I Love My Weird Little Phone-Shaped eReader
The Palma isn’t perfect for everything, but it lets me do whatever I want and is transformative for books.
3:30 PM EST on January 17, 2024
Many of the research obsessions I have are fueled by a previous, imperfect piece of gear. In the case of e-readers, the experience of using a Kindle several years ago was so infuriating that I put the whole category of device off until I could find something to my liking. The phone-sized Boox Palma is not a Kindle, and is also wonderfully weirdly-shaped and the best e-reader for me for some specific use cases.
Back when I had my Kindle, the experience of loading your own books onto it was fairly obtuse. Amazon would give you a unique email address similar to the one linked to your account but with some gibberish attached, and you would have to email your books to that address, and the books would appear on your device. This makes perfect sense from Amazon’s perspective, since they are in the business of selling e-books and would like to protect their market, but it was maddening that I had to do this for a device I owned, particularly one with a USB port right on it. Eventually this would lead to the process known as “sideloading” or putting stuff on your device directly, with Calibre being the software that most people used for library management.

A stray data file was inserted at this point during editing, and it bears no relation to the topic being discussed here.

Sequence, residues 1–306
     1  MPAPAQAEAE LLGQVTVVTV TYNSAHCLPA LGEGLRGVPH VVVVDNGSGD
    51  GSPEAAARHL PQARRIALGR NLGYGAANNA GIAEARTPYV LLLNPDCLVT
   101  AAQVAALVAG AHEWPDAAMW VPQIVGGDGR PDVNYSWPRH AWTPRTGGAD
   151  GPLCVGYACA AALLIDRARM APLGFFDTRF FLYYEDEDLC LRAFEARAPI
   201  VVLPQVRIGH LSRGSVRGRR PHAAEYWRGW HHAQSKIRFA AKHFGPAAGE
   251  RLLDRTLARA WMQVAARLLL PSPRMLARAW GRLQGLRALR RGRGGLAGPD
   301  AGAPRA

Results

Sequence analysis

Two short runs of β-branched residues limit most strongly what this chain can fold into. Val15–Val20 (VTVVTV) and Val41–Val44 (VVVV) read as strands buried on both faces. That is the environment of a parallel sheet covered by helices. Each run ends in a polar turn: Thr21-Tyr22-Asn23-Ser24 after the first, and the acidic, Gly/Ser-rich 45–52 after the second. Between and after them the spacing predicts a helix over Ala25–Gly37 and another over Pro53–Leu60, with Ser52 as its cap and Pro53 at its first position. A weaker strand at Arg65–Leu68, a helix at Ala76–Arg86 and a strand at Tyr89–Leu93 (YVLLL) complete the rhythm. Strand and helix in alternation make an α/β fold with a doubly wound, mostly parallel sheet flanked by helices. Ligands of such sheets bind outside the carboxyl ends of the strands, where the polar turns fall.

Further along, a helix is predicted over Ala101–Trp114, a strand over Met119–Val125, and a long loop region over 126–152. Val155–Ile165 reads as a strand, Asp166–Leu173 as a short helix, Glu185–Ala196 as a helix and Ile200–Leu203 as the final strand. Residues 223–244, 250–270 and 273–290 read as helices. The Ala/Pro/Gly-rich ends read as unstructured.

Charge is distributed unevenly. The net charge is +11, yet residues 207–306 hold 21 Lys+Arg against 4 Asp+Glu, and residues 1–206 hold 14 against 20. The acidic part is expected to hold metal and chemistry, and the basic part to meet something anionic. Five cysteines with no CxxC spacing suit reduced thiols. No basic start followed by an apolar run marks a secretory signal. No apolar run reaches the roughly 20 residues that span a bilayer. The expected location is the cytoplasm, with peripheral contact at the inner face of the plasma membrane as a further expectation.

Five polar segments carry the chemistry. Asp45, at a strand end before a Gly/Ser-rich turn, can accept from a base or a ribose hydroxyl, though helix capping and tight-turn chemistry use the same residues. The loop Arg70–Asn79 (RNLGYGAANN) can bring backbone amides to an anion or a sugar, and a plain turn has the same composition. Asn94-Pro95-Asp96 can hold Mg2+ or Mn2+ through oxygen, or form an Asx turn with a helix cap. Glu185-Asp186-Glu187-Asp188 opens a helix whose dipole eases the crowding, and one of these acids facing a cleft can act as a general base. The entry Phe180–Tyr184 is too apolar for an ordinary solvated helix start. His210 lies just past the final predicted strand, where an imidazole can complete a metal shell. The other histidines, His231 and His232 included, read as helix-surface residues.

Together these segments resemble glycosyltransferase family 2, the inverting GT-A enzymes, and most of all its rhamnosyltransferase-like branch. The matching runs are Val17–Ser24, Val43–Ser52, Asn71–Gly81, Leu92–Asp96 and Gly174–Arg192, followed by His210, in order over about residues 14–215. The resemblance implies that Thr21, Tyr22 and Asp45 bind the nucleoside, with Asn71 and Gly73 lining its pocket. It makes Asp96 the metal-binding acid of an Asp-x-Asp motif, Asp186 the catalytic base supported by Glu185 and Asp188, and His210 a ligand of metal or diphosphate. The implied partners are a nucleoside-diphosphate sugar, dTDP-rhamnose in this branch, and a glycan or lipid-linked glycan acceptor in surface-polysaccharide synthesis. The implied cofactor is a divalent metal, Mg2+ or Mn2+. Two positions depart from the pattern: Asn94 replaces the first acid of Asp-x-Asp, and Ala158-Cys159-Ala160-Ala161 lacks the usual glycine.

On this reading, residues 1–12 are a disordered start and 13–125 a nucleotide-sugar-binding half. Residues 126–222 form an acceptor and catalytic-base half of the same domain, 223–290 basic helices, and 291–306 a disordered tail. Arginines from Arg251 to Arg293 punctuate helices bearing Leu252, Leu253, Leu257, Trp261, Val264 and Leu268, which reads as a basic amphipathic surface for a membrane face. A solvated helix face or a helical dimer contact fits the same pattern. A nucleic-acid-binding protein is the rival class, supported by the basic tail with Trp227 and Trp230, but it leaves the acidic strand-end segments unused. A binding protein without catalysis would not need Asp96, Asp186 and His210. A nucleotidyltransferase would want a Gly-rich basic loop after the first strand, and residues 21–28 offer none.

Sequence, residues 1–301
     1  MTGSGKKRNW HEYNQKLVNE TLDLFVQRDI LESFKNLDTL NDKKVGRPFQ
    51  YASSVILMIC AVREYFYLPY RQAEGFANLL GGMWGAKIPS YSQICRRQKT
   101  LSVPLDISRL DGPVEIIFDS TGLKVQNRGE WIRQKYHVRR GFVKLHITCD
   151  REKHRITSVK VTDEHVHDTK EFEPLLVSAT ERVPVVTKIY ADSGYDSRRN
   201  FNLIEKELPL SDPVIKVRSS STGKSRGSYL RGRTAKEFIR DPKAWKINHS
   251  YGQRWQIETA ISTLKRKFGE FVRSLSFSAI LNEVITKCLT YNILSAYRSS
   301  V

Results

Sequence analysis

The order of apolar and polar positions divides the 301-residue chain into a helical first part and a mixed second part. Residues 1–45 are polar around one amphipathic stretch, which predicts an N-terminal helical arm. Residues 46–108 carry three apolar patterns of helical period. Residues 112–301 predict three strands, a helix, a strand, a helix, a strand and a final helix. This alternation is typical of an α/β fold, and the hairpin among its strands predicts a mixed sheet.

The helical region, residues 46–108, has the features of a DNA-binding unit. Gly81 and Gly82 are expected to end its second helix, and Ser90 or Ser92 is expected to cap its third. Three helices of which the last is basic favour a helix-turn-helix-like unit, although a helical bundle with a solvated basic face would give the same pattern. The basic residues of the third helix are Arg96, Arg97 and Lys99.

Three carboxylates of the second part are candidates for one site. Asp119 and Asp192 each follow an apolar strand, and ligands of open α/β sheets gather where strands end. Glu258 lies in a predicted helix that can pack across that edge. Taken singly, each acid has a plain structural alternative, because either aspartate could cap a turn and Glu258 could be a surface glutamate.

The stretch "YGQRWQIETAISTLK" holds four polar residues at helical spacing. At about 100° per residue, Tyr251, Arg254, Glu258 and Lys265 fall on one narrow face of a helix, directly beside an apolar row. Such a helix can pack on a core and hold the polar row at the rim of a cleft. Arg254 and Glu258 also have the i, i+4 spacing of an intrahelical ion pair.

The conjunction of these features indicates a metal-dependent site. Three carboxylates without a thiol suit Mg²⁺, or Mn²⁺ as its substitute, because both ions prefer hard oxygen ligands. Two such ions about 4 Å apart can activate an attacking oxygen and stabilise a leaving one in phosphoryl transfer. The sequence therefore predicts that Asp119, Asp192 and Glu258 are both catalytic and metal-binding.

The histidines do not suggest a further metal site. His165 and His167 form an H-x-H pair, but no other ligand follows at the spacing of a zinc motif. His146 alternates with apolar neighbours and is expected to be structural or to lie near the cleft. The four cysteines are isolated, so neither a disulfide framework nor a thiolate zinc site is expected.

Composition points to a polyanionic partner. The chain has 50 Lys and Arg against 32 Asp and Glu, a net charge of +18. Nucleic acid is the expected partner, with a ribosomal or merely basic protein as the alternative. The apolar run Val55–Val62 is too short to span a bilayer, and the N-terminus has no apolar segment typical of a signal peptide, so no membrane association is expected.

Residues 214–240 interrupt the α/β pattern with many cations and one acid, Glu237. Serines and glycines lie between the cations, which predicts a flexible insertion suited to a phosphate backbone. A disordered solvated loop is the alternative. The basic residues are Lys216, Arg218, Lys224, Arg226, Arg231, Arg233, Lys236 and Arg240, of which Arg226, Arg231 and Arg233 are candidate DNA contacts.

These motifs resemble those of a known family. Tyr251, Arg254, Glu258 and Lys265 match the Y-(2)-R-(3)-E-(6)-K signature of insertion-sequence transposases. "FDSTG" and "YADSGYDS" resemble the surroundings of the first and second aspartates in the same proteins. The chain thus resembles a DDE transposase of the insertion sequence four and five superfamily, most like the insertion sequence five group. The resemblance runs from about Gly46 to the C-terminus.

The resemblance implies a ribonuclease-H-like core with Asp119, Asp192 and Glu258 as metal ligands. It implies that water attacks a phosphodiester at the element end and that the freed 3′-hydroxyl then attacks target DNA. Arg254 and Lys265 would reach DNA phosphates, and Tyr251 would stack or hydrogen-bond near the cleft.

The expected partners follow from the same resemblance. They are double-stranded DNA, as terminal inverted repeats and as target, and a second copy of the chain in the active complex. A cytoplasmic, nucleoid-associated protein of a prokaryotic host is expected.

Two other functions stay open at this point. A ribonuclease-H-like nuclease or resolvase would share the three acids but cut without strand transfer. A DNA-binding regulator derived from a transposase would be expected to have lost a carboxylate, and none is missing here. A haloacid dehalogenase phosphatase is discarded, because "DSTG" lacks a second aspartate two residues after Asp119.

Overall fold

The process has since been streamlined on Kindle in part, I assume, because they are no longer the only e-reader game in town. But at this point I don’t see the purpose of owning a (new) Kindle when there are so many other alternatives. The Kobo line from Rakuten is well-loved by tons of people and is pretty straightforward to deal with. Boox is the other big name alternative and immediately shot up on my list when I saw the Palma.
The Palma is an ereader with the form factor of a big phone. The screen is just over 6 inches in size, and it runs Android. If you slammed an antenna into this thing it would just be a big e-paper phone, but that would likely kill the battery and defeat the purpose entirely. Over wifi it can browse websites, watch videos and load basically any Android app you want, although I have yet to put TikTok on it because that feels like an evil thing to do to a book.
I find most tablets and e-readers cumbersome. They necessitate the use of a side bag, or a coat with a big pocket, and I don’t always want to carry those things on me. I have an iPad mini, the correct size of iPad, for reading comics and manga, and the Palma is a perfect companion to that. It fits right in my pocket without any fuss. There is a minor adjustment every time I leave my house now where I have to check that I didn’t leave my phone and my book, and that I’m not mistaking one for another. I am also very sure I will lose this thing if I am not careful, which is not ideal because it costs 279 bucks. But for what I need it for the Boox Palma rocks.